A towering figure in the Pop-Art movement, Andy Warhol continues to make an impact on the artistic world despite his untimely death in the 80s. He remains one of the most celebrated US artists to date.
Born in Pittsburgh, Pennsylvania in 1928 as Andrew Varhola, the artist-to-be studied at the Carnegie Institute of Technology before moving to New York in 1949. It was here that he changed his name to Warhol and began to experiment with artistic reproductions of American popular culture.
Newspaper headlines, advertisements and mass-produced images were all given the Warhol treatment. In 1962, the series portraits of Marilyn Monroe, for which he is arguably most famous, began to take shape. Elvis Presley and Jackie Kennedy are among other celebrities who Warhol turned his artistic attentions to.
The same year saw him take part in the New Realists exhibition in New York, the first significant survey of Pop Art, and in 1963, Warhol began to make experimental films. His studio, known as the Factory, fast transformed into a famous gathering place for artists, celebrities and intellectuals.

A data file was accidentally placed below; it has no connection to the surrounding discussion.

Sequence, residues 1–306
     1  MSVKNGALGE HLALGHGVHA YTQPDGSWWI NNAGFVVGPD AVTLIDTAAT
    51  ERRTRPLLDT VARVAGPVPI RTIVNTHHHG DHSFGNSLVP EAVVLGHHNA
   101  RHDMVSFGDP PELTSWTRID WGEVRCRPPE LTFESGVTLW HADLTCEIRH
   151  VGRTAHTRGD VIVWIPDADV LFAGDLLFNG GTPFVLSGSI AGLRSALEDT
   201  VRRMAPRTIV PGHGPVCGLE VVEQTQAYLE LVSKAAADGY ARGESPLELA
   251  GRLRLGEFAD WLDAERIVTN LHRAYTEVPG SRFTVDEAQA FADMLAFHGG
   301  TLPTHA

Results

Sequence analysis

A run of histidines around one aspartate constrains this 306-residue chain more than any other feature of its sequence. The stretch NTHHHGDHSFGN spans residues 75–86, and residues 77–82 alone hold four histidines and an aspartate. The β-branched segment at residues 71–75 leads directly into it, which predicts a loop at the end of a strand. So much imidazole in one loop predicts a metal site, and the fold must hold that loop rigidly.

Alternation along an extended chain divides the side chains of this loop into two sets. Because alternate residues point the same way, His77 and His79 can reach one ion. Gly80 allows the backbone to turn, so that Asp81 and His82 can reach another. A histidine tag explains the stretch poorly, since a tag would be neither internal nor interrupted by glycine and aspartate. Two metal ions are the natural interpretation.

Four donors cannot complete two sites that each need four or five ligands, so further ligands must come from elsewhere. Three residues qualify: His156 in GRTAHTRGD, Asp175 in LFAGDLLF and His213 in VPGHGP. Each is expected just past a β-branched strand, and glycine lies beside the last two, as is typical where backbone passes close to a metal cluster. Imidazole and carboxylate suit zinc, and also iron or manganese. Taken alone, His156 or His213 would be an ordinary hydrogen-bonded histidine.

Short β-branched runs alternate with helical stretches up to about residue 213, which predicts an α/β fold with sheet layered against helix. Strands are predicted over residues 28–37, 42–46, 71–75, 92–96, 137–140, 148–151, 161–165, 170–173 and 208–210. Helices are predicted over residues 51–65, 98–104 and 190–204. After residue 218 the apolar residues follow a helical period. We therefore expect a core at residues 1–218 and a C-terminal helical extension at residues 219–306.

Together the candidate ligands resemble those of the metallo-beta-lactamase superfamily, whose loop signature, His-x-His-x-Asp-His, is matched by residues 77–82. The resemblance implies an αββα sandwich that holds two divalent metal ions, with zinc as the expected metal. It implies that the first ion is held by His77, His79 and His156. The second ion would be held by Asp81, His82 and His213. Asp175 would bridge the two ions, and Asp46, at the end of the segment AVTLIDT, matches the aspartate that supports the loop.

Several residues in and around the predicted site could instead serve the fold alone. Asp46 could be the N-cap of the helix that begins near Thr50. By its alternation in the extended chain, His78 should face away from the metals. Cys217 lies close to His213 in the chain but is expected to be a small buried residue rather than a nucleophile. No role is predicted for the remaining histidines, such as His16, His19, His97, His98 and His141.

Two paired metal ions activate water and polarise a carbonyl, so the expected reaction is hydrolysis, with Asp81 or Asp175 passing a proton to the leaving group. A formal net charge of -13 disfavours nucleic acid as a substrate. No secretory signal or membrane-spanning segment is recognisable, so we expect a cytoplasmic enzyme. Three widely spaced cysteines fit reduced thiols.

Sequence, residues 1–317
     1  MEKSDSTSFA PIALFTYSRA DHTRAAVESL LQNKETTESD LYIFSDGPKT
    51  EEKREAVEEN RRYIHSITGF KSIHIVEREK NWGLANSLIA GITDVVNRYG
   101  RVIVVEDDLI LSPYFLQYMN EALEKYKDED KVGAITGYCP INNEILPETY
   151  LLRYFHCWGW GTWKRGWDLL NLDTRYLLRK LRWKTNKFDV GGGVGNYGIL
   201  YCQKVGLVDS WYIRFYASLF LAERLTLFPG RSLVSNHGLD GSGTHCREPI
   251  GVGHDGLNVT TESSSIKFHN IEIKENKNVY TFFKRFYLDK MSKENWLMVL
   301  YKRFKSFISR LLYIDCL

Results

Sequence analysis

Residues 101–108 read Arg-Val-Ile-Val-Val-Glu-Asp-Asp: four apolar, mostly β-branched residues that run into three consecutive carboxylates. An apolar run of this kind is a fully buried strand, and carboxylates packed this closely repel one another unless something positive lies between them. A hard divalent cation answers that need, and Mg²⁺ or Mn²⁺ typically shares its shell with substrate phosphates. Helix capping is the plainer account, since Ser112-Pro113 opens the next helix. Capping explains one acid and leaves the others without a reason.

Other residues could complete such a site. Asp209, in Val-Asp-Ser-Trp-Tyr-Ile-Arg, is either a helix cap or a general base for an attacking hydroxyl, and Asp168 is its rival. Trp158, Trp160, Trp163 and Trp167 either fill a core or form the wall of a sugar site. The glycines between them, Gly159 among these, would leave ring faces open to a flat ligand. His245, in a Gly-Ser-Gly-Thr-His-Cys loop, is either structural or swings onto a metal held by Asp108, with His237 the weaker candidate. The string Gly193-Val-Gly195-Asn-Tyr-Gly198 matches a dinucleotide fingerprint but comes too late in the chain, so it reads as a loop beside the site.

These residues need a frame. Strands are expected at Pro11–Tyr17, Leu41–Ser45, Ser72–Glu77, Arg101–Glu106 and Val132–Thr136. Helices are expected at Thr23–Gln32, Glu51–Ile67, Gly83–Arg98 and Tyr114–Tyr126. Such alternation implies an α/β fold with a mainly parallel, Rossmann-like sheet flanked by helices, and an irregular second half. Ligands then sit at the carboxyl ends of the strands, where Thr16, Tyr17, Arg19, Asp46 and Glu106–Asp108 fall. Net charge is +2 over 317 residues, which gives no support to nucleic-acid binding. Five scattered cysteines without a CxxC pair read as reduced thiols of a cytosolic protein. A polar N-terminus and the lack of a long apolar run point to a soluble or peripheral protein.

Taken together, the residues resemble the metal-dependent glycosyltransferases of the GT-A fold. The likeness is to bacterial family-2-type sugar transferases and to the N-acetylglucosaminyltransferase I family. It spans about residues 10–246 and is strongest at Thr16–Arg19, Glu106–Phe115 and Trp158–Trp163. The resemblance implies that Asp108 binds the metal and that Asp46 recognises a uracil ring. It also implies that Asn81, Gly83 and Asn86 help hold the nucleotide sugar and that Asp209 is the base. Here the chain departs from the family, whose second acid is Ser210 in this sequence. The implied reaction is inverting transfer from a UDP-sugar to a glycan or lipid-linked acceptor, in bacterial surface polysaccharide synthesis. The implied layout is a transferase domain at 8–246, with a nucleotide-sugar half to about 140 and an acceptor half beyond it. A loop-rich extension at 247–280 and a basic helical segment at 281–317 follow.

The internationally renowned artist continued to explore the relationship between celebrity and art up until he died unexpectedly from a gall bladder operation in 1987. However, his work lives on, and the Andy Warhol Museum, located in his native city Pittsburgh, is the largest museum in the US dedicated to a single artist. At time of writing, the highest price ever paid for one of his paintings is US$100 million for a 1963 canvas titled Eight Elvises.